Most applicants I talked to did indeed send a letter of intent. However, a precautionary word is in order regarding this specific issue. Applicants should make informed decisions when considering a letter of intent.

Some interviewees said that some programs state that letters of intent are not entertained, and some even might penalize applicants for post-interview communication. Wording of the letter should be extremely intentional. Applicants should be sure to be informed before deciding what to do regarding a letter of intent.

Audition rotations

I also asked interviewees if they did a visiting/audition rotation at the residency program that they ranked No. 1.

This question shows that about half of the interviewees did visiting rotations and half did not. Bear in mind that 33 of the 38 individuals interviewed matched in either the 2021 or the 2022 match.

During these years, the COVID-19 pandemic drastically impacted visiting rotation experiences. It is hard to say if this data point will be representative in the future. Of the five interviewees who matched in 2020 or before, three did visiting rotations at their No. 1 program while two did not.

Visiting rotations

The 17 interviewees who did visiting rotations were then asked how their visiting rotation went. The results are below: 

Overall, individuals who matched into their No. 1 residency program who also did a visiting rotation at their No. 1 program commonly felt that their visiting rotation went very well.

What applicants prioritized

Lastly, I asked interviewees what they prioritized when ranking programs in the NRMP match. The following information will explain how to interpret the graph below:

  • I asked interviewees to pick one item that was their first priority, one item that was their second priority, one item that was their third priority, and some even indicated an item that was their fourth priority.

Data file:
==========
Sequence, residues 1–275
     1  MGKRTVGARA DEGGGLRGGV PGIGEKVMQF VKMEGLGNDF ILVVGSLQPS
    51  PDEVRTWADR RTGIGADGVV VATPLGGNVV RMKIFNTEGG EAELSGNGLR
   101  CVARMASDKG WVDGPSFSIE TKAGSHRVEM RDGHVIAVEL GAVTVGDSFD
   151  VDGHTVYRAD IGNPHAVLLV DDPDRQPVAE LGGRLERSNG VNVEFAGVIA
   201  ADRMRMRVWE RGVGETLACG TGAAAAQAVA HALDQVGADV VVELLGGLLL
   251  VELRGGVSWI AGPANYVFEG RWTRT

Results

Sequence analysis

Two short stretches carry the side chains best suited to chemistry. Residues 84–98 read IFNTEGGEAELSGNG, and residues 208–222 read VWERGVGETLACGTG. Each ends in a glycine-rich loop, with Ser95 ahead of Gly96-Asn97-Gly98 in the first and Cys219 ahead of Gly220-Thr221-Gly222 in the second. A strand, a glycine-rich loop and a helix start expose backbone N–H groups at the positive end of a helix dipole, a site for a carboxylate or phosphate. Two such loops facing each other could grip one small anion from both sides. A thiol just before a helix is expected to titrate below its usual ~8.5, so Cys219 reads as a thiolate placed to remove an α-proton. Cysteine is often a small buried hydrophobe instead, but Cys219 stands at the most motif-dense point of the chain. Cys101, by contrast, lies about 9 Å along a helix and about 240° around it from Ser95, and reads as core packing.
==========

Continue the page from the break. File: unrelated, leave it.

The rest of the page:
• When an interviewee indicated that an item was their first priority, that item was awarded 4 points.
  • Second-priority items were awarded 3 points.
  • Third-priority items were awarded 2 points.
  • Fourth-priority items were awarded 1 point.

The results are shown below:

Geography was the most commonly cited priority among individuals who matched into their No. 1 ranked program, whether they wanted to live close to family or loved ones, stay in a specific region, avoid certain climates or live in a specific city size. 

The culture of the program came in as a strong second place. Culture includes factors such as the perceived happiness or satisfaction of residents at the program, the comradery felt among co-residents, the personalities of the individuals in the program or the personality of the program as a whole, or if interviewee felt like they would “fit in” with the residents in the program.

There are many moving parts to consider for an applicant aiming to match into their No. 1 ranked program. Hopefully this information will serve as a foundation to start from for readers who will soon be applying for residency. Good luck!

Editor’s note: The views expressed in this article are the author’s own and do not necessarily represent the views of The DO or the AOA.

Related reading:

How DO students/graduates matched to their top-choice residencies in 2021

Cracking the Match: Everything a current (or future) residency applicant needs to know about the Match algorithm